Cool Dad: seven letters, eight, counting spaces, and yet so much to unpack. A few months ago, before we at Fatherly set about thinking who to name to our first annual list of Cool Dads, we first had to consider what makes a cool dad cool. The in-office bickering continues, but there are some qualities on which have reached consensus.
Let’s start with the Dad part because it’s pretty straightforward. Every cool dad is a father. Some are new. Some are old. Some are biological. Some are adoptive. Some are straight. Some are queer. Some are accountants. Some are cowboys. The critical thing is that they are all responsible for kids and that they all have agreed to take on that responsibility. You can’t be a cool dad and not show up. Part of this is about wearing that responsibility well.
Dads that give up in the traditional Nike-Monarchs-and-an-ill-fitting sweatshirt sort of way do their children a disservice by teaching them a bad lesson about identity.
I’ll note here that one thing the staff of Fatherly reached consensus on quickly was that children should not be empowered to determine coolness because they’re not good at it. They tend to need time and distance to assess the qualities of both their parents and other people’s parents. By that time, they are children no longer. Part of fatherhood is accepting that the performance review will arrive too late to help.
As for cool, that elusive appellation is ineffable — up to a point. The term “cool dad” relies on an implied tension between the two words. Dad is, for various poppycock cultural reasons, perceived to be at odds with cool. That informs our interpretation of cool in this context. We’re not talking about fathers who do charity work, though being charitable is great. There’s no twist there. It’s not surprising that responsible men tend to take on additional community responsibilities. It is, however, surprising when responsible men are hip or, let’s not walk around it, sexy — doubly surprising when part of the appeal is a passion that extends beyond their families.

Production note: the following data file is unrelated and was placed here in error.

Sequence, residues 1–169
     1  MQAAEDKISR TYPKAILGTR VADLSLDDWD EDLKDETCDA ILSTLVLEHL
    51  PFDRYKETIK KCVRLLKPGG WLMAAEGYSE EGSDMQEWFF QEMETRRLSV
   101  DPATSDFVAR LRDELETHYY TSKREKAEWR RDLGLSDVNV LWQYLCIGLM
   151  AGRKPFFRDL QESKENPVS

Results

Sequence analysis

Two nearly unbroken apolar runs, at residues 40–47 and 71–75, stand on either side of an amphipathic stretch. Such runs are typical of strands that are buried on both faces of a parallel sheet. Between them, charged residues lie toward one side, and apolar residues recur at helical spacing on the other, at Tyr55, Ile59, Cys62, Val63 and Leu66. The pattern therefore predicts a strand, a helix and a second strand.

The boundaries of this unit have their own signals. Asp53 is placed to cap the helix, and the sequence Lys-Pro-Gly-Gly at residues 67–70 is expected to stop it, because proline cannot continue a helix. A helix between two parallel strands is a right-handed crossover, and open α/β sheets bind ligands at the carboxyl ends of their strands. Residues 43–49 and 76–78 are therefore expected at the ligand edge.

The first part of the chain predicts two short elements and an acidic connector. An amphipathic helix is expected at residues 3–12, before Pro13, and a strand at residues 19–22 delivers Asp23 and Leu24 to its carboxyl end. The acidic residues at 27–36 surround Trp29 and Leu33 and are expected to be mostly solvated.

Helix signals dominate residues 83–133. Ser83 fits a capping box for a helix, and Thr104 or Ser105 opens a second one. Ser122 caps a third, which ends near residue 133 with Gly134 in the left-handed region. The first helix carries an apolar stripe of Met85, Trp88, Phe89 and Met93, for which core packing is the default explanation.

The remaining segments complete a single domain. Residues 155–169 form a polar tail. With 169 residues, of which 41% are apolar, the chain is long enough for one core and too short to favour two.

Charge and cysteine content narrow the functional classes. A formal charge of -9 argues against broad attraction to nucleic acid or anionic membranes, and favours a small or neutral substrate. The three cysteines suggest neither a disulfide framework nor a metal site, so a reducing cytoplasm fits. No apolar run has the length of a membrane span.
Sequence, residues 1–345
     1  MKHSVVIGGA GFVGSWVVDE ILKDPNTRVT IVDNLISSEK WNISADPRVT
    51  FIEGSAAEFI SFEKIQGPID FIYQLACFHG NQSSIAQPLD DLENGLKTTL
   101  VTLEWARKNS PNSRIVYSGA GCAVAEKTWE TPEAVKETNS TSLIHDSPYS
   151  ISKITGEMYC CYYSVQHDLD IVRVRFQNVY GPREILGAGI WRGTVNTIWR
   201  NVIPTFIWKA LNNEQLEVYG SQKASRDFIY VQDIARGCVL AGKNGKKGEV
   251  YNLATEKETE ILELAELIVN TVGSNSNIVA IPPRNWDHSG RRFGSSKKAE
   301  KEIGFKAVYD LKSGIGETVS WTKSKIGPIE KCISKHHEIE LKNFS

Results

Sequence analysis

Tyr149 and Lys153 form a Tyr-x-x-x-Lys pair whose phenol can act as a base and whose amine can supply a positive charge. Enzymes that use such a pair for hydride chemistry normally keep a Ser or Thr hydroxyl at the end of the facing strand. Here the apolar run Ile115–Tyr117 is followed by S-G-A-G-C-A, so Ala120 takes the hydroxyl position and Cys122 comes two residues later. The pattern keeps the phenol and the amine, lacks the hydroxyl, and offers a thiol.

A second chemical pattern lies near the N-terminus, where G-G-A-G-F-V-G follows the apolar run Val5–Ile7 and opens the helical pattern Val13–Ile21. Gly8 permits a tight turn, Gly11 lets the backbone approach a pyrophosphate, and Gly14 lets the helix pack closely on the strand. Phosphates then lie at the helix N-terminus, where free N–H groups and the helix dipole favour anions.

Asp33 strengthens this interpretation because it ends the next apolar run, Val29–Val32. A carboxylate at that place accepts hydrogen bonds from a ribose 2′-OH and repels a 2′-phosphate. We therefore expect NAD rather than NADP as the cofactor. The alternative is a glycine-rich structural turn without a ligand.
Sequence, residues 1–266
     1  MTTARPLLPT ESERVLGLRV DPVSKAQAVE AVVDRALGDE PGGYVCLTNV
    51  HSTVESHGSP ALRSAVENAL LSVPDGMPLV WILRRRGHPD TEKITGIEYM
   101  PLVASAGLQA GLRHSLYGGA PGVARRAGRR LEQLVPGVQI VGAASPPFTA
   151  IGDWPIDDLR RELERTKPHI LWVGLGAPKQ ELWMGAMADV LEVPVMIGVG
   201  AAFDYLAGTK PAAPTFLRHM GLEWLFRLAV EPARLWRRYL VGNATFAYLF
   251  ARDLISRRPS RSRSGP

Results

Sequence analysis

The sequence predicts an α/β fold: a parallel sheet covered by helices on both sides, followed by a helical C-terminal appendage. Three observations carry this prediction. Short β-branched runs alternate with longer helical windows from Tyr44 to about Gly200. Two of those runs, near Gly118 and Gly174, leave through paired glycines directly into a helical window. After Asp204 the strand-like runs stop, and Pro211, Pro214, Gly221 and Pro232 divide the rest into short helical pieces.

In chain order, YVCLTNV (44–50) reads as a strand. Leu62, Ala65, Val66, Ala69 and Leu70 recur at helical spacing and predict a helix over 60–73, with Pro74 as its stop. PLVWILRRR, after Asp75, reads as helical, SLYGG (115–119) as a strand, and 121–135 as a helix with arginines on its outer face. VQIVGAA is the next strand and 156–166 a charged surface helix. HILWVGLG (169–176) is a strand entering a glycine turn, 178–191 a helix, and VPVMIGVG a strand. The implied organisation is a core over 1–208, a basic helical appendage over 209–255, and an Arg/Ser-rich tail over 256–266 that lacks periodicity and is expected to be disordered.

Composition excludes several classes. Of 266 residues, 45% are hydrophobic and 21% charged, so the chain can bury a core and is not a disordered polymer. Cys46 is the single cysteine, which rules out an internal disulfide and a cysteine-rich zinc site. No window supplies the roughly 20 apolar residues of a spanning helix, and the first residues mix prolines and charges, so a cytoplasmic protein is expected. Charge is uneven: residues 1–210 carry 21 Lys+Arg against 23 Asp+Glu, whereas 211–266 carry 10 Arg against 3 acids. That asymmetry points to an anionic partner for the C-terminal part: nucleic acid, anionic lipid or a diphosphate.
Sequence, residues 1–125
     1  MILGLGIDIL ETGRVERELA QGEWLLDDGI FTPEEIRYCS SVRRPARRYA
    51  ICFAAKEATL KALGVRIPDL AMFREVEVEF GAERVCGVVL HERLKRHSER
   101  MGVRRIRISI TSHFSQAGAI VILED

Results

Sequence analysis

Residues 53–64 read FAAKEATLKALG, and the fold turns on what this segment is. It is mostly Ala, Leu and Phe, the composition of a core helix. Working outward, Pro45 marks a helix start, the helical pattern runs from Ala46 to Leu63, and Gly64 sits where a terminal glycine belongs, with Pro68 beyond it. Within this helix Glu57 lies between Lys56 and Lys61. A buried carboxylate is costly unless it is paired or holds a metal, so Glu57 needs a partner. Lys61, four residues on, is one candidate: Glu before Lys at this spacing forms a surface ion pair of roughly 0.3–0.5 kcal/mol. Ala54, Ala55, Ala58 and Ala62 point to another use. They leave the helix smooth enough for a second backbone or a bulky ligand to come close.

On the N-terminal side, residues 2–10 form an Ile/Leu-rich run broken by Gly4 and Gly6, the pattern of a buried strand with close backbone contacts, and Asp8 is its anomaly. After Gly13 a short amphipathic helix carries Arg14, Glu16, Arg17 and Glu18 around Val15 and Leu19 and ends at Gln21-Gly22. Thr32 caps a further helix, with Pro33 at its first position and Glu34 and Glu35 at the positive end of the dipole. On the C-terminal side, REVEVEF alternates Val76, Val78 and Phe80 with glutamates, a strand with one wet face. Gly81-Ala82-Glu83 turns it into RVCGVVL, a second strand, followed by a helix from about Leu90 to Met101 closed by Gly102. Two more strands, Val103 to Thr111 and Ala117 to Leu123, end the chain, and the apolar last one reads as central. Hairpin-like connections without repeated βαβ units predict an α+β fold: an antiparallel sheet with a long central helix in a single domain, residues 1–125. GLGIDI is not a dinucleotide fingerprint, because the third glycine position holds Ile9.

When it comes to father-child interactions, coolness is no virtue.
What we found as we researched and discussed cool dadness was that the men who stood out did something inspirational and comported themselves in an inspiring way while doing it. For instance, Brandon Cardet-Hernandez, who is a high school principal in the Bronx, attacks his educational agenda with the same iconoclastic intensity that Donald Glover, an undebatably cool man, brings to remaking television in his own image. (It doesn’t hurt that Cardet-Hernandez is also very good looking.)
It’s important to dwell here on the relationship of the words cool and dad. Cool is a descriptor of the man who is a dad, not of a parenting style. Parenting in a cool way might be possible on some level, but performative parenting, prioritizing the opinions of others over the wellbeing of one’s kids, sucks. Good parenting is all about attentiveness, presence, and the ability to adjust to shifting situations. When it comes to father-child interactions, coolness is no virtue.
That said, coolness is a virtue in life. And dads that give up in the traditional Nike Monarchs and an ill-fitting sweatshirt sort of way do their children a disservice by teaching them a bad lesson about identity. Cool dads are not important because they are dads and they are not dads because they are cool (well… that might not be totally true.). Cool dads matter because they are cool and they are dads. Cool dads prove that multiple identities can flourish simultaneously.
The ability to be multiple things to multiple people while also being true to oneself must be carefully cultivated. It’s hard. Cool dads are exceptional because they are good at it. Cool dads are exceptional because they have self-confidence, swagger, and drive — all admirable traits — but also because none of that crowds out the love.